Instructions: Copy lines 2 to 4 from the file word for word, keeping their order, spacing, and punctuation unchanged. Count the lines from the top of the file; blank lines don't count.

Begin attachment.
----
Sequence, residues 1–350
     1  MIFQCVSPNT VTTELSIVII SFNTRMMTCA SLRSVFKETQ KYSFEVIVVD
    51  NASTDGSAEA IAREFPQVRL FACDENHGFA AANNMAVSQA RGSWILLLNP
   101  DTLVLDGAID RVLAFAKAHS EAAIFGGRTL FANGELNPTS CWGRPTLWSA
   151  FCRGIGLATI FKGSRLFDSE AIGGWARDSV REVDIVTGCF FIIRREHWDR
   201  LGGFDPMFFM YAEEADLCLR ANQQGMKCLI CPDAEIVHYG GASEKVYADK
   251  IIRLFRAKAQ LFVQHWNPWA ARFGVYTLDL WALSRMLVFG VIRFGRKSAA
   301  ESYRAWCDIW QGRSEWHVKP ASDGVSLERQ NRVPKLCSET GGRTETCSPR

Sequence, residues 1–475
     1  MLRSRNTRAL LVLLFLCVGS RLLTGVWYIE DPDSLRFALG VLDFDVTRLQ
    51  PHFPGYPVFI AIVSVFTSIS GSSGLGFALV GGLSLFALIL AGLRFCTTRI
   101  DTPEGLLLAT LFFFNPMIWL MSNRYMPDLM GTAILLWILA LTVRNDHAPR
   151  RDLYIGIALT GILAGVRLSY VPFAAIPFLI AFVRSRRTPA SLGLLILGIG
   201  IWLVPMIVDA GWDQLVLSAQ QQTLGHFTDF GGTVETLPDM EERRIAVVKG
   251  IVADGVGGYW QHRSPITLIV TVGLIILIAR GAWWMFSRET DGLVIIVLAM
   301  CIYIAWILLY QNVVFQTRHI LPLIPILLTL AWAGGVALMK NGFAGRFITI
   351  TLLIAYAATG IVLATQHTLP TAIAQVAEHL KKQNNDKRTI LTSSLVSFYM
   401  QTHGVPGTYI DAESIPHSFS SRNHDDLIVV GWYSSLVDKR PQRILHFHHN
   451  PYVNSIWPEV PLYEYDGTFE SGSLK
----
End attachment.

     1  MIFQCVSPNT VTTELSIVII SFNTRMMTCA SLRSVFKETQ KYSFEVIVVD
    51  NASTDGSAEA IAREFPQVRL FACDENHGFA AANNMAVSQA RGSWILLLNP
   101  DTLVLDGAID RVLAFAKAHS EAAIFGGRTL FANGELNPTS CWGRPTLWSA